These Dayak internet user do support their families and relative in interior Sarawak by sending them money for food and sibling education. Thus, they become a big influence in the decision making structure of their family in the interior.

    Dayakbaru for example has been printed out, photo copied, translated into Iban language and distributed to rural folks by Dayak (teachers, gov’t servant, plantation workers,those working overseas and coming back for annual break from their job. who resist discrimination of the indigenous people (Dayak) and marginalization of Dayak through politic.

    The magic of Dayak blog is – many turn into hard copies.

  6. steven permalink
    March 10, 2009 12:57 pm

    I agree with JOHN POSTILL that just blogging in the internet will not have much effect on the DAYAKS who are largely rural voters.Neverthless i am happy a lot of this articles which are hotly debated among dayak intellectuals are translated into iban and distributed among the rural dayaks.Another effective way is by distributing this hard copy in churches or chapels.

  7. March 10, 2009 1:03 pm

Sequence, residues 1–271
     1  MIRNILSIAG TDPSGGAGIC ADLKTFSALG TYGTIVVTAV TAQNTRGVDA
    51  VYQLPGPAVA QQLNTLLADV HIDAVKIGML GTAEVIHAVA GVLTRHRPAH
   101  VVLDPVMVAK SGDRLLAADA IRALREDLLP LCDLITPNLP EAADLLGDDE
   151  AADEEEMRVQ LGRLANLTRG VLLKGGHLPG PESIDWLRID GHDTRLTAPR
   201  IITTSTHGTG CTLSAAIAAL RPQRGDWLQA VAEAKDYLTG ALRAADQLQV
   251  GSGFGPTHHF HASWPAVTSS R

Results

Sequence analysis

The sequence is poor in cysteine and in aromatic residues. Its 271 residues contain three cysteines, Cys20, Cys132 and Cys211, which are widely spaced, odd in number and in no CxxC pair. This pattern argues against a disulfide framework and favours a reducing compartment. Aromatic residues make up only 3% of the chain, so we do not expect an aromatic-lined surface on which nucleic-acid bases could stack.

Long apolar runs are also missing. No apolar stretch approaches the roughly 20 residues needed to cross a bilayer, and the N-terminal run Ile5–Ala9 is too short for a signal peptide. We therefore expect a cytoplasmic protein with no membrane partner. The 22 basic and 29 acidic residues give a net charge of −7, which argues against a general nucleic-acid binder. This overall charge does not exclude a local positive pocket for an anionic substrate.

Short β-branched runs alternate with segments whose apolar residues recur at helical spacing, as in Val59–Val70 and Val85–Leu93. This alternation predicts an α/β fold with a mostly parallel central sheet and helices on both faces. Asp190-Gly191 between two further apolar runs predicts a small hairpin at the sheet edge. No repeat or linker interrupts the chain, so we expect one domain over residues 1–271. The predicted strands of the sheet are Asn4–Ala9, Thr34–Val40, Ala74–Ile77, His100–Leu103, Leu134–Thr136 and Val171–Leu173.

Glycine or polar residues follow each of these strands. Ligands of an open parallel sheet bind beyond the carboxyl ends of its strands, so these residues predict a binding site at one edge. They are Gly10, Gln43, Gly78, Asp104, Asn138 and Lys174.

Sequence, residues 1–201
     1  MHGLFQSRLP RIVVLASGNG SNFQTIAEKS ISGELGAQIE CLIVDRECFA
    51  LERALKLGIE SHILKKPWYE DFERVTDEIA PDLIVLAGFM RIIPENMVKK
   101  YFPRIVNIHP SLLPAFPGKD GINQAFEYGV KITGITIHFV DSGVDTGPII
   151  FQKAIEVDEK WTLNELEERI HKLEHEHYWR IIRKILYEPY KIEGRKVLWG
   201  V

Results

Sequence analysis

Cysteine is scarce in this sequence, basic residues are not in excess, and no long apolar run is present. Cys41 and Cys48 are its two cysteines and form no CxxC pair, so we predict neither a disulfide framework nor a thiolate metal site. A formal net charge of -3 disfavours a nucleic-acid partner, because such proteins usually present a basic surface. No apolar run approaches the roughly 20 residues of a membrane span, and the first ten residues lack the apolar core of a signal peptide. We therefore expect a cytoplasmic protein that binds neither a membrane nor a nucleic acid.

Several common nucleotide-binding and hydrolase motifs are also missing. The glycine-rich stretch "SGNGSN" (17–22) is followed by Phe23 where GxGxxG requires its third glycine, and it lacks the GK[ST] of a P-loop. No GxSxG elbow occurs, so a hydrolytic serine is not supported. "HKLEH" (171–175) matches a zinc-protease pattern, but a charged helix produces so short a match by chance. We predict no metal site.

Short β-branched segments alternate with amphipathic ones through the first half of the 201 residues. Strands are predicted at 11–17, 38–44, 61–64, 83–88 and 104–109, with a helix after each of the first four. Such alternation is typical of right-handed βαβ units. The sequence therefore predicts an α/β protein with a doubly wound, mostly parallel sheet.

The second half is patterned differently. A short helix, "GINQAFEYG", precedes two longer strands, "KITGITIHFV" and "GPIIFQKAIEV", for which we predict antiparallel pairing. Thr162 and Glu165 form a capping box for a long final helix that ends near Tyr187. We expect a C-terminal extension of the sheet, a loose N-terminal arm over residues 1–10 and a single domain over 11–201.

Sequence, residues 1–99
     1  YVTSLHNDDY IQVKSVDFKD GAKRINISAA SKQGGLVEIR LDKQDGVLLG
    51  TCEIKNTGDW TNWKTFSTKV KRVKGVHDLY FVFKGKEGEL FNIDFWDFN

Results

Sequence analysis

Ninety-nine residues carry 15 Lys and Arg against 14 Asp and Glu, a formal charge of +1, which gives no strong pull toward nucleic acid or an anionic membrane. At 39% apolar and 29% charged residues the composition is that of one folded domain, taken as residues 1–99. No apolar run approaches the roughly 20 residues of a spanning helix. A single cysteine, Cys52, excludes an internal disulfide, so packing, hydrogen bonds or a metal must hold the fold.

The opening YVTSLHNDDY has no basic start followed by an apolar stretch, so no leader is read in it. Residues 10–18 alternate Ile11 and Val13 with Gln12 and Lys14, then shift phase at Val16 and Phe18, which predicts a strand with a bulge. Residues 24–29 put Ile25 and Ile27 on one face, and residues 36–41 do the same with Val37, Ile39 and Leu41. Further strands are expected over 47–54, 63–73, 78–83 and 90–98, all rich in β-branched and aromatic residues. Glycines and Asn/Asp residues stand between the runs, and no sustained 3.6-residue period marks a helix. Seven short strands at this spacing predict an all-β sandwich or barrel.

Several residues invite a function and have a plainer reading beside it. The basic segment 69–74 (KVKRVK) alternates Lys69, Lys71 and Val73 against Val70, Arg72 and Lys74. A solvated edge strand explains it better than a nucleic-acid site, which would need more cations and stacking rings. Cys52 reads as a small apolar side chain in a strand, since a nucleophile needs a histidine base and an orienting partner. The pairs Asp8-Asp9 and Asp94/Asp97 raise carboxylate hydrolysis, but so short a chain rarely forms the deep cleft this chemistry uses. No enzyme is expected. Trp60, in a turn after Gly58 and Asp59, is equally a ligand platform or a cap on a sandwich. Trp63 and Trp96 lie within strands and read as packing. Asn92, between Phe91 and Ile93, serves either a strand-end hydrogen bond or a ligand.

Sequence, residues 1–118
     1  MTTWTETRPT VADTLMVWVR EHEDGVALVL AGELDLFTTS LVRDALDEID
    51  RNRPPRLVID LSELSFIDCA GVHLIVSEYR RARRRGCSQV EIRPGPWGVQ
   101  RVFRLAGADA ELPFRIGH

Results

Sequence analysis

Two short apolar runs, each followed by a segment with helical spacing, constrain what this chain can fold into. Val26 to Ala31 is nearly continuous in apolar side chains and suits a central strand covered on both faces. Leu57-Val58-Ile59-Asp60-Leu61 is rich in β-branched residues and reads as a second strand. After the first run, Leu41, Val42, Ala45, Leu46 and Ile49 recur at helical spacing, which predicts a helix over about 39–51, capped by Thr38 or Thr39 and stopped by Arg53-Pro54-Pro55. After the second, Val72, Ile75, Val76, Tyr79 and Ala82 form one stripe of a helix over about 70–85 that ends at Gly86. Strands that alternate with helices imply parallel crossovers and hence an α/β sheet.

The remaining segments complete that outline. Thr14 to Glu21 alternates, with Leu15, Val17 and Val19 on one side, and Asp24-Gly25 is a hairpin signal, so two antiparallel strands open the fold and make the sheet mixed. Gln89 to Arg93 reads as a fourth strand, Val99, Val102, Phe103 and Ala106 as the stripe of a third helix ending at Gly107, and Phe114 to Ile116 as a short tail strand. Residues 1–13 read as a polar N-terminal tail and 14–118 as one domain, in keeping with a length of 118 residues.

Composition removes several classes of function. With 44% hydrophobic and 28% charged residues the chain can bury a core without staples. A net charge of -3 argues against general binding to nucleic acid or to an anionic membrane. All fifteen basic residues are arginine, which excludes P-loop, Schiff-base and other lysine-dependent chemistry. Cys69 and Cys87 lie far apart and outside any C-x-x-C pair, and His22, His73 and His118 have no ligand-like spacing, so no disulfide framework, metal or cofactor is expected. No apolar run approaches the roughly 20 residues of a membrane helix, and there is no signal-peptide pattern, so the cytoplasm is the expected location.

Thanks Steven. Perhaps I should clarify that I wasn’t really implying that these Web contents aren’t reaching the rural areas, it was just a question to those who are on the ground as I haven’t been back to Sarawak (where I did research among the Iban in 1996-1998 and 2001) since a short trip in 2004, and in 2004 I didn’t have time to visit rural areas.

  8. January 6, 2010 1:00 pm

    Hi John,

    No poverty at all. Fyi, betong town has already build with a wifi hot-spot and the coffee shop has a build in wifi – you can eat and suff! Back in Entanak i dont have a wifi because it was a short trip. Spending time with Ini and aki. I was there for a mth last year for my work project. Btw, I don’t think you remember me. My grandfather is Penghulu Thomas Dundang 😉